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Jon Zazula

Publisher: CraZed Management
Format: Download
Released: 2019
Reviewed By: Jack Mangan

Jon Zazula is one of the greatest rockstars of all time. He's never electrified any crowds with blistering guitar solos, never driven an arena full of fans to pump their fists in unison, was never featured on t-shirts, magazines, or in posters on teenagers' walls, but his impact on modern music has been immeasurable. No single individual has shaped the Heavy Metal landscape as much as as Jonny Z. His life is a triumph, and his autobiography, “Heavy Tales,” is an essential, inspiring read for anyone with an interest in Heavy Metal.


The book tells a bit of his background, but leaves out a number of personal details in lieu of the events building to his career/calling as mastermind of CraZed Management and the legendary Megaforce Records. The primary focus of the text is less on the dramas and homelife memoirs, more on his rise from flea market proprietor to iconic music mogul. It’s a compelling read, full of anecdotes and a vast photo gallery, spanning mainly from his childhood on to the 80s and the modern day.
Many know Zazula’s name, but few know the full extent of his vision and influence as the starmaker behind Metallica, Anthrax, Testament, Overkill, Manowar, King Diamond, King’s X, and numerous others. He’s even candid about the disappointments and outright failures that occurred under his watch. In every case, however, it’s clear that he fought to the bitter end for his artists.
After reading “Heavy Tales,” I developed a deeper appreciation for Jon and wife Marsha’s dedication and personal sacrifices, all in the name of the great music. My main impression of Zazula is of a hard-working (workaholic?), down-to-earth, passionate guy who brings tremendous love and devotion to anyone or anything he cares about, from his family, friends, co-workers, artists, and alumni in the Old Bridge Militia, to the Thrash Metal music he helped put on the map - - plus all things “The Nightmare Before Christmas.” How many Rock n’ Roll dreams would have fizzled out without his guidance and backing?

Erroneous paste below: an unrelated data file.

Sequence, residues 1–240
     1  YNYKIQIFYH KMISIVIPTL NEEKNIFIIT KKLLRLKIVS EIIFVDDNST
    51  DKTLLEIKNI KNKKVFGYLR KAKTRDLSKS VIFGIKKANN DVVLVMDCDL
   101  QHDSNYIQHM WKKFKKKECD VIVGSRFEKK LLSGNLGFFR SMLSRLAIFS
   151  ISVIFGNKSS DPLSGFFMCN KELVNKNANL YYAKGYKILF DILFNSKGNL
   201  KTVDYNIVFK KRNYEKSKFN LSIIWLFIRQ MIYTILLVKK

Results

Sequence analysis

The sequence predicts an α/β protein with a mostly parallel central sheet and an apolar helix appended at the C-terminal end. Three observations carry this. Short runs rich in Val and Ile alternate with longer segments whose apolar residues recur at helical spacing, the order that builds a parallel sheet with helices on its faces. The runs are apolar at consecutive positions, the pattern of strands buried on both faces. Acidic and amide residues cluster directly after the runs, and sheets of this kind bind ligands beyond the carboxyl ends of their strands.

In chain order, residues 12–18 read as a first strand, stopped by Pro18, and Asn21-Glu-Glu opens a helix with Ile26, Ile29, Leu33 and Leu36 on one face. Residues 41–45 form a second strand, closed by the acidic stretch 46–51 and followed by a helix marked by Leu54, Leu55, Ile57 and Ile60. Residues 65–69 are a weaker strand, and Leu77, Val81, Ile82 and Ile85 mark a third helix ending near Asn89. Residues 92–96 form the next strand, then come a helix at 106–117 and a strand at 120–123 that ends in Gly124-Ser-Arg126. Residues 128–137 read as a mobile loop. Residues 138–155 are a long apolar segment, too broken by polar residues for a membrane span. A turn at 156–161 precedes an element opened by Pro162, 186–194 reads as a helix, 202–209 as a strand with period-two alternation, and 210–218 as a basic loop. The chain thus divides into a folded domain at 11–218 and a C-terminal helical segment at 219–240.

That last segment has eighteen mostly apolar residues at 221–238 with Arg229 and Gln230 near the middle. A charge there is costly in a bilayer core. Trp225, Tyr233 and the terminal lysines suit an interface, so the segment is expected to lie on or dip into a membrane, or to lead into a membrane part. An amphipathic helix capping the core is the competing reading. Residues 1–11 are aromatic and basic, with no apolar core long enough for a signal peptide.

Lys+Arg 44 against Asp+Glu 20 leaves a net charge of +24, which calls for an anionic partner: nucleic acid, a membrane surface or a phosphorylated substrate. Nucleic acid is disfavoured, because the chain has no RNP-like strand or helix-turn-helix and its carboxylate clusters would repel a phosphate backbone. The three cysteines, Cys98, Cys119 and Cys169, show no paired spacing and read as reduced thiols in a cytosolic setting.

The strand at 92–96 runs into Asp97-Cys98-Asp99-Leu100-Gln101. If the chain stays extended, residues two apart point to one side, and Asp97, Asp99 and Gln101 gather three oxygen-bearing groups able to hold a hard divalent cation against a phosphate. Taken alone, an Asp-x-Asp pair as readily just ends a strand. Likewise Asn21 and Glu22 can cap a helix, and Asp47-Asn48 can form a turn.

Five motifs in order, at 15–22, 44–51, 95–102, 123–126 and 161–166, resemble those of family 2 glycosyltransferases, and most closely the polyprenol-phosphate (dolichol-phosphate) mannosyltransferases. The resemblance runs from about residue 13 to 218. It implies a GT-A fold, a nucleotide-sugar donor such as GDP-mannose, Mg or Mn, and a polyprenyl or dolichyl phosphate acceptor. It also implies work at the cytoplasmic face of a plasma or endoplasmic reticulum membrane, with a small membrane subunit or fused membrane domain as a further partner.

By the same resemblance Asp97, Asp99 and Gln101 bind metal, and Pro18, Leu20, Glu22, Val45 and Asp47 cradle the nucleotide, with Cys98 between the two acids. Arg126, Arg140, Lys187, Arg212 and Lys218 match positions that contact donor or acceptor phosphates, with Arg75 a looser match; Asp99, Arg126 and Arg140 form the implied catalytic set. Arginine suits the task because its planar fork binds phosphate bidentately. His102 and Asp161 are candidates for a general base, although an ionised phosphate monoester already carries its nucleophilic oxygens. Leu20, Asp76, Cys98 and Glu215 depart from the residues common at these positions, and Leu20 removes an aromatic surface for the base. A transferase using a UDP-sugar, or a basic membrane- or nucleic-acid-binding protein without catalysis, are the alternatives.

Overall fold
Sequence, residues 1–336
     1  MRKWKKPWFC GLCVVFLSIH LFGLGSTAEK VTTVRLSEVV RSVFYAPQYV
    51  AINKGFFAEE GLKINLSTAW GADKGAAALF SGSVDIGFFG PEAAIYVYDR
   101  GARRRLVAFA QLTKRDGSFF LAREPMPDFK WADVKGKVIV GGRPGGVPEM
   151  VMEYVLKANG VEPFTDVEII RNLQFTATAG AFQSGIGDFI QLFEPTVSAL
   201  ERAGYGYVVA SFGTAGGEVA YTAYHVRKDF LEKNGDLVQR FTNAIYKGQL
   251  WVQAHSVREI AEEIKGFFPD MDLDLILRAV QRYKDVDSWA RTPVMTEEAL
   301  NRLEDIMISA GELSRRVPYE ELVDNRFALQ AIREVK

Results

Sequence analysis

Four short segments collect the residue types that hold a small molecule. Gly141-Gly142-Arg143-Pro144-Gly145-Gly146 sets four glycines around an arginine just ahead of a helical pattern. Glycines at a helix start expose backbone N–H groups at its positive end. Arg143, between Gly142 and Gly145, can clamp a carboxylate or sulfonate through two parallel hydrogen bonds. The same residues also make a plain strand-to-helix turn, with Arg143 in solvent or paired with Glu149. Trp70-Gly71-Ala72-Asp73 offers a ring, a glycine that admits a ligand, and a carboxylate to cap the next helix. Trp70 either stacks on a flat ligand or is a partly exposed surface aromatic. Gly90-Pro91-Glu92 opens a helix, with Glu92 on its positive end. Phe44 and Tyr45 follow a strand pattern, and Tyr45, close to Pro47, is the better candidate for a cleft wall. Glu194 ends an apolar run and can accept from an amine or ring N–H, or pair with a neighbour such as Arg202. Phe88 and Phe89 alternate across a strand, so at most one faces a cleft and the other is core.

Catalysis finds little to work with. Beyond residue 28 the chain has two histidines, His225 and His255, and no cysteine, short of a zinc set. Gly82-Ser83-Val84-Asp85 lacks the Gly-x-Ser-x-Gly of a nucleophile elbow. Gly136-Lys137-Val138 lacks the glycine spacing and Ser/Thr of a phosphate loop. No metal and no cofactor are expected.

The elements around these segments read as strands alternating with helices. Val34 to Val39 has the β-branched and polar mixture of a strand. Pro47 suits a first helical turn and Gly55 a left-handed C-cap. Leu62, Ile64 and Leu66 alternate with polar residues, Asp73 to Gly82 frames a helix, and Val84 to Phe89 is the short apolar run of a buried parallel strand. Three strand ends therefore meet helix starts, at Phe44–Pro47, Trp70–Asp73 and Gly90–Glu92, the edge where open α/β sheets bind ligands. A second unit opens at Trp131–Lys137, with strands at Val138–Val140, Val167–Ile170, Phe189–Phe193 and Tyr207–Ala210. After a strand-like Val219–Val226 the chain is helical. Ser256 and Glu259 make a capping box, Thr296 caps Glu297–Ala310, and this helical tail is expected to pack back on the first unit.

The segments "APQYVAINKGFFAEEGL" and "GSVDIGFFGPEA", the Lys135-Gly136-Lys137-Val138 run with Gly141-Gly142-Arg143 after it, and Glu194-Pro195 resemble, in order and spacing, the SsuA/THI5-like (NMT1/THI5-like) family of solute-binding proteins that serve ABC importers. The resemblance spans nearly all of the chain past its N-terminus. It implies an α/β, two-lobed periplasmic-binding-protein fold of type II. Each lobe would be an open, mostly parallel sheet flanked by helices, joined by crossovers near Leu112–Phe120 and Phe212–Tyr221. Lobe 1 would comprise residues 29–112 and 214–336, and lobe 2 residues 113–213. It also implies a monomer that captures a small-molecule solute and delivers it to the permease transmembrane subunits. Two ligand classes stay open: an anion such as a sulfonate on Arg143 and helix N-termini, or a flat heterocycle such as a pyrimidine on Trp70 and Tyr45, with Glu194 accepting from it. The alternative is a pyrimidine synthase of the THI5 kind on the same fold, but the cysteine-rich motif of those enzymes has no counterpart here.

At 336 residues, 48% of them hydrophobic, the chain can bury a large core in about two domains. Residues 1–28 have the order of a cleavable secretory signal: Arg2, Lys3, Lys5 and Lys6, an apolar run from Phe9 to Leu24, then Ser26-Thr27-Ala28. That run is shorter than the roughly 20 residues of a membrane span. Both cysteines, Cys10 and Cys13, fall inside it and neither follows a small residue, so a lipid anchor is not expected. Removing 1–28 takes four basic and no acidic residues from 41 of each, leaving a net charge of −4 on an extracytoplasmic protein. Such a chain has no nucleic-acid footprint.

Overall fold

If you’re reading this review, then you should read this book. Seriously. Zazula’s legacy needs to be known and celebrated. Four things to know first, though:

-The content is fantastic and compelling, but the text is in need of an editor. It reads like a transcript of him chatting casually in front of a tape recorder, ranging across topics with all of the disorganization of casual conversation. This sometimes lends a personal warmth to the pages, but it also sometimes makes for bumpy reading. There are also a fair number of grammatical errors and typos, if that kind of thing bothers you.
-Zazula warns you from the get-go in the prologue that his strong faith in “GOD” is prevalent in his story, but the text is just about his perceptions and experiences of GOD’s presence and guidance during his journey. “Heavy Tales” never gets preachy, or like a visit to your grandparents.

-It’s not a tell-all expose, full of dirt and sleazy details. He speaks pretty candidly about the ups and downs of his sometimes-bumpy relationships with artists - - especially young Metallica - - but he delivers these facts without malice or any kind of bitterness. He also alludes to his own dealings with mental illness and drug use, but never gets into any deep details. There is one reminiscence about an acid-laced cake with the band Mindfunk in the Netherlands, but that seems to be told mainly for laughs and because it’s a pretty incredible story.

-The foreward is written by Chuck Billy!

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